Last week, we profiled Trade PMR and Scottrade Advisor Services, two firms that are slashing their rosters of RIA clients in hopes of reducing costs and focus on profits but seemingly putting a seal on long-term efforts to close the gap with big competitors. They are, in essence, harvesting part of their competitors’ seed crop and planting fewer seeds. See: The non-Big Four RIA custodians, no longer runts but stunted in growth, are applying tougher love to hobbyist RIAs.
In this second installment of three-part series focusing on the smaller custodians, we’ll profile Trust Company of America, RBC Advisor Services and Shareholder Services Group.
Analysis of RIA custodians, including most of the smaller ones, is hampered by the reluctance of these firms to be transparent about their size in terms of employees, revenues and assets. Trade PMR, Scottrade and Shareholders Service Group decline to disclose their assets. Trust Company of America is at $14 billion, Equity Advisor Solutions are at $13.5 billion, RBC is at $13 billion and Folio Institutional is at $10 billion, according to the firms themselves. See: After a head-fake, Royal Bank of Canada shows it’s back (or never left) in the RIA game with two NextGen hires.
With the inherent de facto grace periods afforded by their startup status now largely expired, these companies are having to come to terms with who they are and what they are going to grow up to become.
RBC Wealth Management played a corporate version of Hamlet for several years about whether it was in the RIA custody arena or not. When the Minneapolis-based U.S. unit of the Toronto company did enter into RIA custody arena in 2010, RBC Advisor Services, a division of RBC Capital Markets LLC, seemed to possess the necessary qualities to become the perfect niche custodian for advisors looking to serve ultrahigh-net-worth clients with its investment banking capabilities wrapped in a Wall Street-like culture. See: RBC’s appearance on custody scene could be a 'game changer’.
But as quickly as RBC entered the arena, it shifted into neutral — not once but two or three times depending on how you count — each time seemingly hamstrung as a result of its efforts to be both all about the RIA and all about a legacy brokerage business simultaneously. (On its website, the custodian is described as one of the country’s leading clearing firms for broker-dealers and custodian boutiques for registered investment advisors.) Each time it bumped up against the confines of this apparent contradiction, the firm would hire new leaders who seemingly had to learn the lesson anew. See: A top RBC Wealth Management executive gets drafted to head the company’s young RIA unit.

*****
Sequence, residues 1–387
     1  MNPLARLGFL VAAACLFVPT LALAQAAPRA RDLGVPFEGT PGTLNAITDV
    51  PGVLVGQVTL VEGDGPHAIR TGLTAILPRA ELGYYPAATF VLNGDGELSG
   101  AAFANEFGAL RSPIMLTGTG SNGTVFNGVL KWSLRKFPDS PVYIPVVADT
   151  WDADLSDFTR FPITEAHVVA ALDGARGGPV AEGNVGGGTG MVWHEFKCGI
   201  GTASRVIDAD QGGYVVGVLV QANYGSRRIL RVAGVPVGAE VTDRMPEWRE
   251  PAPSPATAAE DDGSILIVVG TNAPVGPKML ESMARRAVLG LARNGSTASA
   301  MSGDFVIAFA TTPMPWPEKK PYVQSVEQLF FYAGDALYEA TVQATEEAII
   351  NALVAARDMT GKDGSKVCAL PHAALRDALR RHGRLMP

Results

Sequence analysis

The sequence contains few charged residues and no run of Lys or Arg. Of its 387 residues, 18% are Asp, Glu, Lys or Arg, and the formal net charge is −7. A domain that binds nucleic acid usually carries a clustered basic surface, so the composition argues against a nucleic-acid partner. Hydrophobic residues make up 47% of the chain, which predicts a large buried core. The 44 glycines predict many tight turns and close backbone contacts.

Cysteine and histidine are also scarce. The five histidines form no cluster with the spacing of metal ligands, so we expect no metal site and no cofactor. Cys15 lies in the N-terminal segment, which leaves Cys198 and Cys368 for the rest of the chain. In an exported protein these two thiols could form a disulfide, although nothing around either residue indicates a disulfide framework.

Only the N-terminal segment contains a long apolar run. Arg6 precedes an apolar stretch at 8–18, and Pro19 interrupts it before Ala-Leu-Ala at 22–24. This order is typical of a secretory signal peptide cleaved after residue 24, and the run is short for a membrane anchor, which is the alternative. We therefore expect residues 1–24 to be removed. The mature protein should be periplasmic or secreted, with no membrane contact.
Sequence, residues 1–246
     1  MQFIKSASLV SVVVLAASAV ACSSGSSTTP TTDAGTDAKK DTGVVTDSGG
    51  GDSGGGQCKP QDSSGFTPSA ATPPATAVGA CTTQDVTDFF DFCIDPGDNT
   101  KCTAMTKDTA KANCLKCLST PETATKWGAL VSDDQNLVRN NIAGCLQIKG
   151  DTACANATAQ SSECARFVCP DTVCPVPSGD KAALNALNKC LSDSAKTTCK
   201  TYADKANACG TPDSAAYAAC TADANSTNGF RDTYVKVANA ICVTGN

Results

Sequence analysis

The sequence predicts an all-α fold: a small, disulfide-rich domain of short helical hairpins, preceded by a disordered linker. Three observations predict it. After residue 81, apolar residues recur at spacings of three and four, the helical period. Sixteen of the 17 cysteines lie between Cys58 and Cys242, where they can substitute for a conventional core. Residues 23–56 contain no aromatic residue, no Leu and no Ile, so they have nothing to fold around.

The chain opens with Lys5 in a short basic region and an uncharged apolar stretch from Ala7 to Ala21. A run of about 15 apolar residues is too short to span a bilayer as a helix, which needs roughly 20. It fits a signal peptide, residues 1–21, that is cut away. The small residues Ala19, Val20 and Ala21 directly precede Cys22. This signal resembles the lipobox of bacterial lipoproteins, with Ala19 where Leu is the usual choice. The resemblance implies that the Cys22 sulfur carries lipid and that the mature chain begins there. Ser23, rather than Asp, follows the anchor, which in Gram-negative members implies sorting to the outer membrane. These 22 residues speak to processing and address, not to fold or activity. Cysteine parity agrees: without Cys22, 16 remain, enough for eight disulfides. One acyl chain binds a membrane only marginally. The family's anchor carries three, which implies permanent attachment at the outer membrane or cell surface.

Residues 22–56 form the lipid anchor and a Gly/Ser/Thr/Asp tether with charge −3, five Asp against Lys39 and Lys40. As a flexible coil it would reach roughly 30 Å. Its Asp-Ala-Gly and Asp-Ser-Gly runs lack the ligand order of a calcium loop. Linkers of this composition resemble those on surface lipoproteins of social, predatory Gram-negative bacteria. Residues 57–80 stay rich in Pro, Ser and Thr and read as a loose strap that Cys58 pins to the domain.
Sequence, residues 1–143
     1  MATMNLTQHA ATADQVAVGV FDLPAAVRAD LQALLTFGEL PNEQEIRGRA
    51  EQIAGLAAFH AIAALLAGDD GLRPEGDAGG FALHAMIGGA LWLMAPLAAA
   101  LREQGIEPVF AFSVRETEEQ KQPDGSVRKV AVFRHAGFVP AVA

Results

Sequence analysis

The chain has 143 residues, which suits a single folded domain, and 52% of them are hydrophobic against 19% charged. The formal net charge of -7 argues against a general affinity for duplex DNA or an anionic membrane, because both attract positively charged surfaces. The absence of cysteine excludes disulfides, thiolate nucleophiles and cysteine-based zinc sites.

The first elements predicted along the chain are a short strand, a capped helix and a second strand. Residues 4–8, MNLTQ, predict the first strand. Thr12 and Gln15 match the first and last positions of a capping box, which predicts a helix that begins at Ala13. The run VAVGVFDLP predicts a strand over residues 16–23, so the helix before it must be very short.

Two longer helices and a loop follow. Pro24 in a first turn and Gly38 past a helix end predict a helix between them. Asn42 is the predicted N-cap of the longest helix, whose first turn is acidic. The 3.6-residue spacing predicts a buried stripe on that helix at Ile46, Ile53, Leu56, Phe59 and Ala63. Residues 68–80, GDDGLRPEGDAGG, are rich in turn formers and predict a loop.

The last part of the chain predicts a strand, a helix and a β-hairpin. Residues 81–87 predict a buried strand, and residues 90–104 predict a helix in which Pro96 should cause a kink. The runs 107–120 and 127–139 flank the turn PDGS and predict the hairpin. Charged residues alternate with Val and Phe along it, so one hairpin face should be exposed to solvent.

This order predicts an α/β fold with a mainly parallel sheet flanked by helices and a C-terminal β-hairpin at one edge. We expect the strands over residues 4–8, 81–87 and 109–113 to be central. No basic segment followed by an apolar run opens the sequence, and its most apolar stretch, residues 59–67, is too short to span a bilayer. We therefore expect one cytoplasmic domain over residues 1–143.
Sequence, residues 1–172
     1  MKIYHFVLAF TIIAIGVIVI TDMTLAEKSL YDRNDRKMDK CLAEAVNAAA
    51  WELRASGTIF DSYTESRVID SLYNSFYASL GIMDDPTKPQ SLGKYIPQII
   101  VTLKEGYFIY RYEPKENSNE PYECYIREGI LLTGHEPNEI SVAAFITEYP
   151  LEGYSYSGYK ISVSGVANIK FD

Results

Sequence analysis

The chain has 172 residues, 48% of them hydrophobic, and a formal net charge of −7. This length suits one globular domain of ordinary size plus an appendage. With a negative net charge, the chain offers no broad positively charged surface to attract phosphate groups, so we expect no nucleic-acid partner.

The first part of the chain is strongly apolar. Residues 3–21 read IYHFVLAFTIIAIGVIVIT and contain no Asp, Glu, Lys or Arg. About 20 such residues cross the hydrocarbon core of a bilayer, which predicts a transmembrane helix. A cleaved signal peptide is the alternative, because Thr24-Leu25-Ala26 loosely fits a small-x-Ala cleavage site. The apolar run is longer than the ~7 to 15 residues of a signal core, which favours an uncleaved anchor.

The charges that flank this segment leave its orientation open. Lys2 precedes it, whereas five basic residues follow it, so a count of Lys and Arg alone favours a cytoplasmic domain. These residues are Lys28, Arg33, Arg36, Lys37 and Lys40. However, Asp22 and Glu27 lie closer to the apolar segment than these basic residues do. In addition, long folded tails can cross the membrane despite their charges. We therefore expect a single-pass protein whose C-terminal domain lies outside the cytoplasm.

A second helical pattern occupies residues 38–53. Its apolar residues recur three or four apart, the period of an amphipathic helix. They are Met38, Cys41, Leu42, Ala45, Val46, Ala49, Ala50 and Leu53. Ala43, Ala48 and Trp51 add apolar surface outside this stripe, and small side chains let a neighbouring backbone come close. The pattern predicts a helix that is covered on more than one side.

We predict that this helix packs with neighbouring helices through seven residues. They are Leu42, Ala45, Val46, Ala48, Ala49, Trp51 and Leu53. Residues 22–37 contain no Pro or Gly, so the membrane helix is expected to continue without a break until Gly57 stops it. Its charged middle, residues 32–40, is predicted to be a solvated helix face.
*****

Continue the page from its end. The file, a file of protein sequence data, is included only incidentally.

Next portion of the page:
RBC Advisor Services most recent leadership shuffle occurred in January when it kicked Catie Tobin, its head of correspondent and advisor services since 2010, upstairs to lead the firm’s wealth consulting division. RBC replaced Tobin with Brett Thorne who has been with RBC for 20 years, most recently serving as chief operating officer of the unit. Tobin replaced former wealth consulting division head Ward Ring, who is retired in February after 35 years in the industry.
Ready to grow
The custodian’s new leader expresses cautious optimism that the unit will progress in upward linear fashion this time around.
“Going back to whether or not we’re in the business, we’re definitely in the business. I’d say for a variety of reasons frankly since we had that acquisition seven years ago, to be fair, we haven’t focused on growing that business and I’d like to going forward,” says Thorne.